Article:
Public approval of the Supreme Court has reached its highest point since 2009 in the wake of Judge Brett Kavanaugh’s nomination to replace Justice Anthony Kennedy, according to a Gallup poll released Wednesday.
The poll, which found that 53 percent of Americans approve of the court while 41 percent disapprove, was conducted from July 1 to July 11 as President Trump vetted potential nominees before ultimately settling on Kavanaugh to replace Kennedy, who is retiring. The findings also followed a series of high-profile rulings, including the Masterpiece Cakeshop case, which were handed down last month and broke predominantly for conservatives.
Unsurprisingly given the imminent conservative shift on the bench, approval divided sharply along partisan lines, with 72 percent of Republicans reporting approval compared to 38 percent of Democrats and 52 percent of Americans overall. Among those polled, 21 percent said the court is too liberal while 29 percent said it was too conservative and 44 percent said it was about right.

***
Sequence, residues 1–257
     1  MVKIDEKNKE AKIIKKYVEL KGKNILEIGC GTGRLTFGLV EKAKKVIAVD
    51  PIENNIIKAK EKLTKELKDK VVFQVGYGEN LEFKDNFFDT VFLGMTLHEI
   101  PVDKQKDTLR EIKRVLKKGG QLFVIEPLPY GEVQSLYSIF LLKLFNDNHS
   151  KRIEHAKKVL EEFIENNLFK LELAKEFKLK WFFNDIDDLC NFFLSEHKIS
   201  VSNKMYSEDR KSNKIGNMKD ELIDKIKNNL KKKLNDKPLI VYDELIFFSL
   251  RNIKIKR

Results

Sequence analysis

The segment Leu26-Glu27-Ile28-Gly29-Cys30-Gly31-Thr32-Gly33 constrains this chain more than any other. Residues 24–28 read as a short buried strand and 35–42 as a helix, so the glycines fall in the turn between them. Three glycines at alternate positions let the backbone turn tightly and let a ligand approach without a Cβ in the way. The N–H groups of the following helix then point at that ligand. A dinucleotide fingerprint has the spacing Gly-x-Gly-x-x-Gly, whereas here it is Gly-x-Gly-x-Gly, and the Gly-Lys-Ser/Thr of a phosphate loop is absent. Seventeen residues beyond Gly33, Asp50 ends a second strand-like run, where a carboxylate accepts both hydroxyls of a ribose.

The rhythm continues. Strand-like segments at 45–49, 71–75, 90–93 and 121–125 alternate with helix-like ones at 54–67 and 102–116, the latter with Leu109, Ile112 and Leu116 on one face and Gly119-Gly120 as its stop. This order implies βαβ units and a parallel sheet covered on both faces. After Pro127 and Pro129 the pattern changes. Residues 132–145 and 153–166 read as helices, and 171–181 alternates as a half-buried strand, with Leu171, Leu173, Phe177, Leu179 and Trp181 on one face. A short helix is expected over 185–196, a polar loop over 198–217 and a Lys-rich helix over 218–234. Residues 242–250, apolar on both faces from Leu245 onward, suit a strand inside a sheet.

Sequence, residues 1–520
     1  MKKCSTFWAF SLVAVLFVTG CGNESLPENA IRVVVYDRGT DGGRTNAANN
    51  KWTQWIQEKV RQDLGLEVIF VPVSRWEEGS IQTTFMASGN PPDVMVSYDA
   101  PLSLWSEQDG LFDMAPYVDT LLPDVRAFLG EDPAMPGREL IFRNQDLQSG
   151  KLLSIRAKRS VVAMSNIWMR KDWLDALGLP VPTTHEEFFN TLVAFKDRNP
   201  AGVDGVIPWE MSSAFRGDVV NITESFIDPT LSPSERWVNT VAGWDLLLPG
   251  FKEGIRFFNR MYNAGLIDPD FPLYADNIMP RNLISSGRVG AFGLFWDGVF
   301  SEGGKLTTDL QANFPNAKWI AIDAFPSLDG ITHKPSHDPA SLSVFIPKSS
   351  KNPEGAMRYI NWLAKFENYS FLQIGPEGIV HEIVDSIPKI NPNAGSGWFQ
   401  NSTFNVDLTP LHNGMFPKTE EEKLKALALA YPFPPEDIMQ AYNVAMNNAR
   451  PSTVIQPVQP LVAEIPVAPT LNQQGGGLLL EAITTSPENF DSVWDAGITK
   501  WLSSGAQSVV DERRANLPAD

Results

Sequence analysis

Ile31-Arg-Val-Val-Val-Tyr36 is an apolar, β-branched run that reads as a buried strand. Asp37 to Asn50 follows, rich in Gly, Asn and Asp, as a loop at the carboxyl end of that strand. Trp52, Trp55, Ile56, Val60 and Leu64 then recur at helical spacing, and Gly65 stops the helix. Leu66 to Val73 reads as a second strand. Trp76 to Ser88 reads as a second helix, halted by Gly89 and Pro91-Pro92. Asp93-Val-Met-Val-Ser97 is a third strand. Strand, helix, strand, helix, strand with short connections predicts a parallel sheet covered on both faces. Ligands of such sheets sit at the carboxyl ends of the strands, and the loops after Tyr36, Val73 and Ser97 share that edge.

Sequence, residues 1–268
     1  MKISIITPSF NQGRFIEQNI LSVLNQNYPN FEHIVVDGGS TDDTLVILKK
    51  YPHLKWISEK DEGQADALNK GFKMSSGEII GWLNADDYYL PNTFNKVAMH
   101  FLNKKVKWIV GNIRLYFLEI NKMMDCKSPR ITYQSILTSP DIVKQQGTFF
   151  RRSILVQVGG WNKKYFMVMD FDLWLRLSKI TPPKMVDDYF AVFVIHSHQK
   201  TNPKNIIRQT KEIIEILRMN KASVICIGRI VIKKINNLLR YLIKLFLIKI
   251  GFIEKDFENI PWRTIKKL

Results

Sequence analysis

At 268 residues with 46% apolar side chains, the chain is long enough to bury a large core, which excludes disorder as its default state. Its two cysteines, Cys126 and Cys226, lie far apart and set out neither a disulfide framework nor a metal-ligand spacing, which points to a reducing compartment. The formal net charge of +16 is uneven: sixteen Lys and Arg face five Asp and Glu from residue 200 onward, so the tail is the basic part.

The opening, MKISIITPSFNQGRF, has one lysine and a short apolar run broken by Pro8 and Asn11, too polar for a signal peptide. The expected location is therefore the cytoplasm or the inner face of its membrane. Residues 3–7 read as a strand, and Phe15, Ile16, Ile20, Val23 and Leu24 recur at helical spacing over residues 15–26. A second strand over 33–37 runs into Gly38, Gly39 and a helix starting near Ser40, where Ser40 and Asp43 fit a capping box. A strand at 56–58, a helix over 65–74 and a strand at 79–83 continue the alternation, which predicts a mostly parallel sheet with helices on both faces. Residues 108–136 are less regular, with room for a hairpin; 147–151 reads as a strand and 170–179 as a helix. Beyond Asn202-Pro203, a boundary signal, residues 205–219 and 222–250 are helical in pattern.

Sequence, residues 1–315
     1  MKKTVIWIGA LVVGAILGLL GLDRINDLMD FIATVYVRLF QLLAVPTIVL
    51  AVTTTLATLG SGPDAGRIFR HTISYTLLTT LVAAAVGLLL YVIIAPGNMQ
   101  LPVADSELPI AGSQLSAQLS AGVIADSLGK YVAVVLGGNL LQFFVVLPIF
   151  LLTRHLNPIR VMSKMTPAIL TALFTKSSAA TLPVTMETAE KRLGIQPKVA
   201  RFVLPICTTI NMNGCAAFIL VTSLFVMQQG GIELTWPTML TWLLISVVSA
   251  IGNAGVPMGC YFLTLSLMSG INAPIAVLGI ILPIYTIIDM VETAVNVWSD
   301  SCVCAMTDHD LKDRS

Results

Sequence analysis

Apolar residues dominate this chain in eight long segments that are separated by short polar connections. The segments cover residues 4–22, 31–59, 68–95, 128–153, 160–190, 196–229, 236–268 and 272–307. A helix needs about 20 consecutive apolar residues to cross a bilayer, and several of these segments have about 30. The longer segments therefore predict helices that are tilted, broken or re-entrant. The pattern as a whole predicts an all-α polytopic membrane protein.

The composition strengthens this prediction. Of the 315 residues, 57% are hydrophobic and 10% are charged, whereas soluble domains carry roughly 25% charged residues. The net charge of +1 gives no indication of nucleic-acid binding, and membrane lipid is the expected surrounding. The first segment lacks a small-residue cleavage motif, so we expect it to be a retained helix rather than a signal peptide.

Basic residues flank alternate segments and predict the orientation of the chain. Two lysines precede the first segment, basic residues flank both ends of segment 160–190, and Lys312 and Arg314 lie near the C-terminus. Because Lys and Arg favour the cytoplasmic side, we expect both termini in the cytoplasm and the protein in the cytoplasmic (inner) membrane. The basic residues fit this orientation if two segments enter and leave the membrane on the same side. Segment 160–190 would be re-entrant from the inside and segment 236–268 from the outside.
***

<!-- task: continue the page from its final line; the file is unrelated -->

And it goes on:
The strong Republican approval continued a trend that began with Trump’s election and his nomination of Justice Neil Gorsuch, which helped prompt a 39-percentage-point increase in Republican support from September 2016 to September 2017.
In addition to the Masterpiece Cakeshop case, in which the court ruled that a Christian baker could not be compelled to create a custom wedding cake for a gay couple, the Court also upheld last month the constitutionality of an Ohio law that removed from voter rolls citizens who had not voted or responded to a notification from the government in four years. In another high-profile ruling, the court upheld the third version of the Trump administration’s so-called travel ban, which restricted travel from seven nations, six of which are majority Muslim.